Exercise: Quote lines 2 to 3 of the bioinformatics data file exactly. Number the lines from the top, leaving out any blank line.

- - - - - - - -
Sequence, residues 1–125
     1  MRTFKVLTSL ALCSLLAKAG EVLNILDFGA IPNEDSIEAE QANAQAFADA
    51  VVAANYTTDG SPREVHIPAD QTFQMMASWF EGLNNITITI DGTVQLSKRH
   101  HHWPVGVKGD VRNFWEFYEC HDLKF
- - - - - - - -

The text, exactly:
     1  MRTFKVLTSL ALCSLLAKAG EVLNILDFGA IPNEDSIEAE QANAQAFADA
    51  VVAANYTTDG SPREVHIPAD QTFQMMASWF EGLNNITITI DGTVQLSKRH